Recipe: Apple-Fennel Sauerkraut - Brooklyn Botanic Garden
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Recipe: Apple-Fennel Sauerkraut

When I teach people how to make sauerkraut, I encourage them to treat cabbage as a base for other vegetables, fruits, herbs, and spices.

Cabbage is a great starting point for fermentation, and by adding some of the same ingredient combinations you love in salads and other dishes, you can create all kinds of amazing variations on classic kraut. Case in point: apple-fennel sauerkraut, inspired by a shaved fennel and apple salad that I adore.

This approach also gives you one more outlet for preserving produce when it’s at its seasonal peak, a great way to eat as locally as possible in leaner months and support nearby growers. And of course, fall is peak apple season in New York—so now is the perfect time to preserve apples any way you can. For this recipe, choose an apple variety that is firm and a bit tart. Two of my favorites are ‘Mutsu’ (also known as ‘Crispin’) and ‘Stayman Winesap’. ‘Mutsu’ apples can grow to be huge, so you may only need one for the recipe below.

If you don’t like fennel, by all means substitute an herb or spice that you do like—mustard seeds or caraway, perhaps. Be creative and you’ll come up with something that’s perfect for you. This kraut is delicious paired with sausage or roast pork or added to potato salad, stuffing, or chicken salad. Try it with anything that could use a nice tart kick.

Apple-Fennel Sauerkraut

Yield: Approximately 2 Quarts

  • 3 pounds (about 1 medium head) green cabbage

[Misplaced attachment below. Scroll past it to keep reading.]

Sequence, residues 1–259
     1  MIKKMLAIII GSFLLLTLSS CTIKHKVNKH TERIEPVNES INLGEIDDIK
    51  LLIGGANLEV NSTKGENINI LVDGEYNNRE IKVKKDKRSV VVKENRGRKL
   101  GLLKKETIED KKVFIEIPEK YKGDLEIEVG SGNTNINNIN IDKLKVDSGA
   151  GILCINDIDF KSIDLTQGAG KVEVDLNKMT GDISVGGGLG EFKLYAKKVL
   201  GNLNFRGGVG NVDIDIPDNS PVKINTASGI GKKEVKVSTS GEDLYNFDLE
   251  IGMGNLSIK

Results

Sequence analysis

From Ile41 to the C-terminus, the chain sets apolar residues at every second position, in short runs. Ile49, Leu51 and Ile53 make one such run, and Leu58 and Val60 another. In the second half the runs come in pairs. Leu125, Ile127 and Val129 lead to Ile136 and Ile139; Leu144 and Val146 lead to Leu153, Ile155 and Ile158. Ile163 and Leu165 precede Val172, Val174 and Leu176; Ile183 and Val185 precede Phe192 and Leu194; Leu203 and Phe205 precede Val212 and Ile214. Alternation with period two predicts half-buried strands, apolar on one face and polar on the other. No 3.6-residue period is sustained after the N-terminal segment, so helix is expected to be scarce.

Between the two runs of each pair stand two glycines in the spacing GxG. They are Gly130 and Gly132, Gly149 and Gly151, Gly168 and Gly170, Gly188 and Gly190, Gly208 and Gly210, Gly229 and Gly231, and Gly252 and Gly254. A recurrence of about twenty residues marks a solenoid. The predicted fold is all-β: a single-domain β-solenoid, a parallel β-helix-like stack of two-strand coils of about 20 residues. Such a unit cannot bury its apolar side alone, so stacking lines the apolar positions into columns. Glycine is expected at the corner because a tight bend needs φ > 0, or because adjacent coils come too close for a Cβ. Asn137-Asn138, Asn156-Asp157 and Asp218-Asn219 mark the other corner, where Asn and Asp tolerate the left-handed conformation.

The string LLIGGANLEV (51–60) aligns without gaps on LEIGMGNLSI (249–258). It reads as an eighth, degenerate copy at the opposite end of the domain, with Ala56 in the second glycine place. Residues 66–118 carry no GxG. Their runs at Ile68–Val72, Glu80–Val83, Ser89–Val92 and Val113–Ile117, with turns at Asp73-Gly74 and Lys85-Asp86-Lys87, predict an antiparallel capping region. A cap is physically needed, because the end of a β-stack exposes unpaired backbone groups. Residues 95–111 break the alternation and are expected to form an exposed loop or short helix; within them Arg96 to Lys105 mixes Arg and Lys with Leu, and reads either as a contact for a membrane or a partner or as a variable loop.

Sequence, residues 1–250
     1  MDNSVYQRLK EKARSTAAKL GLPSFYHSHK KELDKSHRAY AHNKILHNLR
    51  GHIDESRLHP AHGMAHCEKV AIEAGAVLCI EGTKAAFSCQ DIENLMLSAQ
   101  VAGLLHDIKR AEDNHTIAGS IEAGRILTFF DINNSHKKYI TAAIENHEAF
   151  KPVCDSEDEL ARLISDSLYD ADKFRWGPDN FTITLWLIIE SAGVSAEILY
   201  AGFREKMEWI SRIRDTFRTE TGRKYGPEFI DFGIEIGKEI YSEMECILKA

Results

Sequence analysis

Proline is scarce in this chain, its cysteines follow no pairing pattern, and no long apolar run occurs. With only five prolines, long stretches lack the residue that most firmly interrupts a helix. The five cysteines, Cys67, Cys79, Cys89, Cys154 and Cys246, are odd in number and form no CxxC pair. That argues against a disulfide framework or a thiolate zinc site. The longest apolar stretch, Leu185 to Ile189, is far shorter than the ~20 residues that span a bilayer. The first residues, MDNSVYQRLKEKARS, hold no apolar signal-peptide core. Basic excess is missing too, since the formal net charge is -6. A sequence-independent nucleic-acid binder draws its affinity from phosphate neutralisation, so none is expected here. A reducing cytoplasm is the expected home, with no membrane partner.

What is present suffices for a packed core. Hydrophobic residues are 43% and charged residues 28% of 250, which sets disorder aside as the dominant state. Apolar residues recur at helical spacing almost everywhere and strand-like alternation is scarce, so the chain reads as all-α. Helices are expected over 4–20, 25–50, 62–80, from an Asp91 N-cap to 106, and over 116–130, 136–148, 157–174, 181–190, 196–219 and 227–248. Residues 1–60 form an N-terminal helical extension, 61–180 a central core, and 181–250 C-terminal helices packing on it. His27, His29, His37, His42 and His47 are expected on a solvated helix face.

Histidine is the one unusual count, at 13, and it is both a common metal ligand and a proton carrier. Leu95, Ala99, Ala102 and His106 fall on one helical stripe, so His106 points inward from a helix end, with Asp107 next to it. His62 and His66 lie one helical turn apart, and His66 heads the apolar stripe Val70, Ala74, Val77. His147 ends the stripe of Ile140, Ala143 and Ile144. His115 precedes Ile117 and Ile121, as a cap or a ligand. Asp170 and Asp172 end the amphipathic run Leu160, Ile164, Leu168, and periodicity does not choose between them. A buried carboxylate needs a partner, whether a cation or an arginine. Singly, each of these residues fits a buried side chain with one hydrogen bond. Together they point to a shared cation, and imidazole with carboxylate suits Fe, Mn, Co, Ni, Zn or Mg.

• 2 firm, tart apples, quartered, seeded, and sliced
  • 4 teaspoons coarse sea salt
  • 1 tablespoon fennel seed
  1. Remove any dark outer leaves from the cabbage head and cut it into quarters. Remove the core and slice each wedge into strips 1/4-inch wide.
  2. Mix the cabbage, apples, salt, and fennel seed together in a large bowl, massaging the cabbage to help the salt penetrate.
  3. Put the cabbage mixture in a tall nonreactive container like a glass jar or plastic pitcher and press down on the mixture until it releases enough liquid to cover itself.
  4. Place a weight on top of the cabbage (a doubled-up plastic zip-lock bag filled with water or a jar of water placed on top of a plate work well). Any material that is not submerged in the liquid will rot. If the cabbage is not readily releasing enough liquid, add more weight and check back within 24 hours to make sure the mixture is covered with brine. If it’s not, add a heavier weight.
  5. Cover the top of the container with a towel or a loose lid. Do not seal tightly—your kraut needs to breathe! Put the container on a plate to catch any expelled juices and store at room temperature to ferment for one week.
  6. At week’s end, remove the lid and weight to check your kraut. Remove and discard any rotten spots that may have developed at the surface. The cabbage below these spots is totally fine. Taste your sauerkraut to check its progress. Press the cabbage down again to submerge. Clean any mold off the weight and replace it on the cabbage mix. Cover the container again with a clean towel or loose lid.
  7. Check the sauerkraut once a week. Depending on your preference for sourness and texture, the cabbage will take three to six weeks to ferment fully. Once it is to your liking, remove the weight, tighten the lid, and store it in the refrigerator for up to six months.

Learn more about sauerkraut in BBG's new online class Fermentation 101: Sauerkraut July 23.

Michaela Hayes is the founder of Crock & Jar, a preservation company with a mission to allow everyone to buy more local food in season and preserve it in order to eat locally year round.

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Image, top of page: Blanca Begert